The Phi Kappa Psi college fraternity has been around since 1852. Their motto is “United by friendship, sustained by honor, and led by truth, we live and we flourish.” The fraternity has 101 chapters and has initiated 119,000 members over the past 163 years. In November, the “honor” part of the fraternity’s motto was called into serious question by Sabrina Erdely, writing for The Rolling Stones magazine. She uncovered the story of “Jackie,” a University of Virginia freshman who was raped at the frat house by seven members of the fraternity.
Erdely was the only journalist to expose the horror of what happened that terrible night at Psi Kappy Psi. Her work and bravery are deserving of a Pulitzer. Except for one thing. It seems “Jackie” made the whole thing up, and Erdely was too lazy to interview any of the accused. When the truth came out, it was Rolling Stones that was exposed. Neither the writer nor the editor bothered to question any of the accused or get a single iota of evidence. “Clearly our fraternity and its members have been defamed, but more importantly we fear this entire episode may prompt some victims to remain in the shadows, fearful to confront their attackers.” For their part, the leaders of Rolling Stones have not dismissed the writer or editor behind the false accusations. The first amendment to the Constitution says that “Congress shall make no law abridging the freedom of speech, or of the press.”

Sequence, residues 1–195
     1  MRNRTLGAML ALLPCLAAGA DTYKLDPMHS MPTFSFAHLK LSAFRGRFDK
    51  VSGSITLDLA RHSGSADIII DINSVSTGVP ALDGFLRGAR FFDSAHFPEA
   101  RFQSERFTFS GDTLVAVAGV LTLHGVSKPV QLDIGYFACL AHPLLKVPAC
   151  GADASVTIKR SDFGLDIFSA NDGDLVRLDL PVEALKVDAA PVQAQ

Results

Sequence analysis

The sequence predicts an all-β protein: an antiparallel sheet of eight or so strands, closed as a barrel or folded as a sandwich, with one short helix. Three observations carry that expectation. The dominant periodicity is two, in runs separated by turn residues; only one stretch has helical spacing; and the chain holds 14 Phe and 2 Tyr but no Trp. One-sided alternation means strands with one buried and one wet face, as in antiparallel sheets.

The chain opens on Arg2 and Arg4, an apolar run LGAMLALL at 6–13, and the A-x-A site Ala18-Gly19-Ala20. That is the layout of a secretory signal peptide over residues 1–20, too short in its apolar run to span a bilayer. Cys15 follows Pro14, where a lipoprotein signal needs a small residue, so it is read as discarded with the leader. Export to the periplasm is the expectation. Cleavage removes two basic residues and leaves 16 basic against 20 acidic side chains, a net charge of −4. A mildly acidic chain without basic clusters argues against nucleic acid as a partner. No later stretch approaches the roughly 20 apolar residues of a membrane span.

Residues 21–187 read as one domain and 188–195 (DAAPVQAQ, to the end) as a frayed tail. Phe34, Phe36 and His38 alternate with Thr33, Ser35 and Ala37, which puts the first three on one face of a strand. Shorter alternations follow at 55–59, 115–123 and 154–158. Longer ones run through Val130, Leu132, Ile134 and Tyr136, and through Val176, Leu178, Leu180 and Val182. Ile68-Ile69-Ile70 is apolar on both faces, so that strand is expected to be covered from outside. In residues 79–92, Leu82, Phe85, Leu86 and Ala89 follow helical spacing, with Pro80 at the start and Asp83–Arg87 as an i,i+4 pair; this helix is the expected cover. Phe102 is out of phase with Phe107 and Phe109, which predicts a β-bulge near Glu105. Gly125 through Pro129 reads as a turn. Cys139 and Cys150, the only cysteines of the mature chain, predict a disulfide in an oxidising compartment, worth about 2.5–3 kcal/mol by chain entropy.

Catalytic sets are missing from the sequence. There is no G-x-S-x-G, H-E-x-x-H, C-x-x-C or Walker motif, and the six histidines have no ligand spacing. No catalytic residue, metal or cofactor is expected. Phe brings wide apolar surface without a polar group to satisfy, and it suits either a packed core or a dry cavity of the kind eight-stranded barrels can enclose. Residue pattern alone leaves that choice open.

But this leaves out one very important word: responsibility. What is the lesson from this incident? Read the words of that great philosopher, Bob Dylan. “A hero is someone who understands the responsibility that comes with his freedom.” I admit I don’t know much about Phi Kappa Psi. But I do know this. In order for a freedom to be enjoyed, it must be accompanied by responsibility.